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Coventry University attended the Guardian University Awards last week after being shortlisted for a prestigious award for the impact of its research shedding light on the dynamics of Europe’s migration crisis.
The ‘Unravelling the Mediterranean Migration Crisis’ (MEDMIG) project team entered in the research impact category, and although didn't pick up the award, it serves to recognise the work of CTPSR and the MEDMIG team in their efforts to better understand the complexities surrounding the migration crisis.
The team – led by Professor Heaven Crawley from the Migration and Displacement Research Group at CTPSR, and funded by the Economic and Social Research Council (ESRC) – spent time in Italy, Greece, Malta and Turkey interviewing 500 people who crossed the Mediterranean in 2015, as part of the first large-scale study of the backgrounds, experiences, aspirations and routes of refugees and migrants arriving in Europe.
The inferno that engulfed the Grenfell Tower was a personal disaster for the many who lost their friends and families. The subsequent analysis and media frenzy highlighted issues of housing, social justice and racism. In a city celebrated for its diversity and social liberalism but which is polarised by race and class, poor working class and communities of colour appear to have been corralled into the worst housing in a global city in the 21st century.
This report presents an analysis of white working-class communities’ perspectives on belonging, change, identity, and immigration. Recent studies about the white working class focus on national politics, religion, and immigration; this study tells a national story from a grassroots perspective with an eye toward the prospects for cross-racial coalition building between working-class white communities and communities of color.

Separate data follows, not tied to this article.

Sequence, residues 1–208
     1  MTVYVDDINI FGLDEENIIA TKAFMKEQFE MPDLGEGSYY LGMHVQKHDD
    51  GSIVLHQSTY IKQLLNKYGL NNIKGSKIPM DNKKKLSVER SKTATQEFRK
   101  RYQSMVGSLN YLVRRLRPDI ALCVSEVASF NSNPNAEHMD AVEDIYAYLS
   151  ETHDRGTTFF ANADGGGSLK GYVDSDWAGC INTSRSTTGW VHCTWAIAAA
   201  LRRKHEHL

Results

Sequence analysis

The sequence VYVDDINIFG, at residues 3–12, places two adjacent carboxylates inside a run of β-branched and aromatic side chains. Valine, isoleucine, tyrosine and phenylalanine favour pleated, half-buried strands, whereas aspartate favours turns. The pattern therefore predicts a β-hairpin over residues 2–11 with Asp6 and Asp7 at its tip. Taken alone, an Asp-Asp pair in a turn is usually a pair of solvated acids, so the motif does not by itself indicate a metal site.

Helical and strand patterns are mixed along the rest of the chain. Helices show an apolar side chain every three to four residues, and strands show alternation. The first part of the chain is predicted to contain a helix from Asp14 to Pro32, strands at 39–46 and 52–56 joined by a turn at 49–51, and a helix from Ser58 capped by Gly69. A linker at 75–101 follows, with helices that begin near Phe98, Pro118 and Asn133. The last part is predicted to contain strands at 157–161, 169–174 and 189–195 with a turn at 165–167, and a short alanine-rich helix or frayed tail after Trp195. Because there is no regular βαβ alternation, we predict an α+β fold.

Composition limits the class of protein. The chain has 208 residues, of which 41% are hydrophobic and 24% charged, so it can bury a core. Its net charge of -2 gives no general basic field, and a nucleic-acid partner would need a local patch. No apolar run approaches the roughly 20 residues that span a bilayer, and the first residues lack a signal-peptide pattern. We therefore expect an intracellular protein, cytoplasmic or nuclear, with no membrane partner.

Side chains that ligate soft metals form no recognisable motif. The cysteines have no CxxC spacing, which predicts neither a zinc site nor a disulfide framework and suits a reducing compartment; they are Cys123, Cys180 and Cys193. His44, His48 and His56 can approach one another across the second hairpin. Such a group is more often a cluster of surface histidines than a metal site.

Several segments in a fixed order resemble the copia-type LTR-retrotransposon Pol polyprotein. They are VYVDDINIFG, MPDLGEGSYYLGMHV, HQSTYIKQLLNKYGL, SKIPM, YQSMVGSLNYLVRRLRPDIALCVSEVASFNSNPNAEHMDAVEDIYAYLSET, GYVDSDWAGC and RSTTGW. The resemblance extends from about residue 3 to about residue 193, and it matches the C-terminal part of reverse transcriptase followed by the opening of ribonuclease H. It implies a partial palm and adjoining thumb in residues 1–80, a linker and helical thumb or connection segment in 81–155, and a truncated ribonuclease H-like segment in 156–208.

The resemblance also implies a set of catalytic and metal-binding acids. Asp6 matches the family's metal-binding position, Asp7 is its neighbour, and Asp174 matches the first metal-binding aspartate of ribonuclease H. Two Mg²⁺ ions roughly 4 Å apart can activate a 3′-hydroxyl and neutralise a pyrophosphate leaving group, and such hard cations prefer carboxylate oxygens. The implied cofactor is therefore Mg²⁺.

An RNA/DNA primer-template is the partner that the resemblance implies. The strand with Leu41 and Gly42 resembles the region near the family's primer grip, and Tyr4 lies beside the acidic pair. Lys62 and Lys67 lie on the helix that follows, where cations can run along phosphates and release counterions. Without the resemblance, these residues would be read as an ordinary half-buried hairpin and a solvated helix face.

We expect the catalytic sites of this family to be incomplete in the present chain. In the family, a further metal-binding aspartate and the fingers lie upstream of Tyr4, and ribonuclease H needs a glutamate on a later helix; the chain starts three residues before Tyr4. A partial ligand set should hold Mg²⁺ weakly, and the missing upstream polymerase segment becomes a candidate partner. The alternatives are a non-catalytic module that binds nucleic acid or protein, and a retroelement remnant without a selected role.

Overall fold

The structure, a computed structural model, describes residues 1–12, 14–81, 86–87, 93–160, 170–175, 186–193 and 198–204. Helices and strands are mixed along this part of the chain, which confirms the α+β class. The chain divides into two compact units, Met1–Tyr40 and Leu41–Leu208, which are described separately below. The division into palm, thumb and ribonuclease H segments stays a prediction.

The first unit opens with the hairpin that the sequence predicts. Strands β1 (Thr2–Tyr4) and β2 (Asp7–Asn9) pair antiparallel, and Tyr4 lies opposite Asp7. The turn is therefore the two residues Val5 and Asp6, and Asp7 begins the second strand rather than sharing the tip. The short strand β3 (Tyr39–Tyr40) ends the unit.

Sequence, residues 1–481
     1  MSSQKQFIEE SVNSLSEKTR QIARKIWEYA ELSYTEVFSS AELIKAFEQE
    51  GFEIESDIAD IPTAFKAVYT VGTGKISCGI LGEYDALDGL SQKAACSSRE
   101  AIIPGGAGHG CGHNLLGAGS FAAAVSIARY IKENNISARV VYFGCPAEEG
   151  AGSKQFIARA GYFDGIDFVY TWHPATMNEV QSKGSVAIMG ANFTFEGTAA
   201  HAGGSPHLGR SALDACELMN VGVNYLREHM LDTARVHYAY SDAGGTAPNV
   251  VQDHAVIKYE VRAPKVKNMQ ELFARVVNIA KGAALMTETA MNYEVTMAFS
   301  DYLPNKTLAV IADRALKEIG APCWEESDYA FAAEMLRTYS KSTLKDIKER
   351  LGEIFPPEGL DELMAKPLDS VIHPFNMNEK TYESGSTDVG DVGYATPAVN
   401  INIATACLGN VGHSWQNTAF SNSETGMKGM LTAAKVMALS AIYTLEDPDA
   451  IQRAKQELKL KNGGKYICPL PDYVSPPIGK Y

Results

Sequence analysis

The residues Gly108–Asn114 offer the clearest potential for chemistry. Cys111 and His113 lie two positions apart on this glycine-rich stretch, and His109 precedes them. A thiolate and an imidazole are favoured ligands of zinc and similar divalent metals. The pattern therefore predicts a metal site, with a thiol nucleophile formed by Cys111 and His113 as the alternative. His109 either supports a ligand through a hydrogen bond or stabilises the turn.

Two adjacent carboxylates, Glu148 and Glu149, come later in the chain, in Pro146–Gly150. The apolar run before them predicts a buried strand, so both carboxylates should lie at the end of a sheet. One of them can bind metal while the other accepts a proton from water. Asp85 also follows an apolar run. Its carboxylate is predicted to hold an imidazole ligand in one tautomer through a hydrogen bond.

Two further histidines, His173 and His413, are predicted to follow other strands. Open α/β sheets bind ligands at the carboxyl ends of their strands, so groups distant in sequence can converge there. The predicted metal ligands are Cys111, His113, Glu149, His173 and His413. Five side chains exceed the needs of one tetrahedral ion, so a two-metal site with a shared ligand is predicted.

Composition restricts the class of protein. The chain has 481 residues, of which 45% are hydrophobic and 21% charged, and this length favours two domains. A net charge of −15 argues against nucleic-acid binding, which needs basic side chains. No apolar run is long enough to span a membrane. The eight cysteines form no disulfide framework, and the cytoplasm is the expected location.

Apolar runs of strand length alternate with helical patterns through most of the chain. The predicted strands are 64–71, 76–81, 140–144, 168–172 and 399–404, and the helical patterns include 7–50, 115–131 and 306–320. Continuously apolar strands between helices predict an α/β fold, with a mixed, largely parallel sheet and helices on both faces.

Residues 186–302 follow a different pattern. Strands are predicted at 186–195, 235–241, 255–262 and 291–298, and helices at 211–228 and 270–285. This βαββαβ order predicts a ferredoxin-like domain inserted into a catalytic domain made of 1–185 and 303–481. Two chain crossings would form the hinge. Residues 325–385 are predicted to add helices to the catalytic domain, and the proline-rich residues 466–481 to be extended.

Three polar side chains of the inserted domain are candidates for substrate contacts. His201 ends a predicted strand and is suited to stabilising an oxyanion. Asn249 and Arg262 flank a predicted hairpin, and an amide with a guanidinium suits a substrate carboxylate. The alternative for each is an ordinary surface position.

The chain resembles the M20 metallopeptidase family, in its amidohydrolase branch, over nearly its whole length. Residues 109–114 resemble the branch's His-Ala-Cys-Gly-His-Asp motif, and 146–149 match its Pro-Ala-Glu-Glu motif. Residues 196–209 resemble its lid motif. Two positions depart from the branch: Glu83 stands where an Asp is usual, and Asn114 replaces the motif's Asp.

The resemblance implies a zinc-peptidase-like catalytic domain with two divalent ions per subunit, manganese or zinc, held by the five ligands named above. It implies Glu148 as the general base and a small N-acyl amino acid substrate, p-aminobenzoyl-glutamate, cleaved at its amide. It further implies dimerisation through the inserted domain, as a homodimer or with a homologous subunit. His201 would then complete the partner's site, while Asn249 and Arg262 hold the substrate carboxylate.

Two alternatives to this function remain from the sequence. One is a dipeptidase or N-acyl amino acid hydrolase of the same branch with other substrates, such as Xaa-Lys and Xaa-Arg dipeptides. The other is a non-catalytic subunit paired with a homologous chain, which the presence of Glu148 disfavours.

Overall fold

Collaborate to Train is a three-year project that will engage with over 250 local small businesses and support them to increase their involvement in the education and workforce training system.
Exceed in Coventry is a three-year project providing tailored help and support to over 1,300 Coventry residents, enabling them to progress into education, training, job search or employment.
ConnectMe is a three-year project supporting Coventry’s long term unemployed and economically inactive people. The project aims to make it easier for people who are experiencing barriers to employment to move into education, training or employment.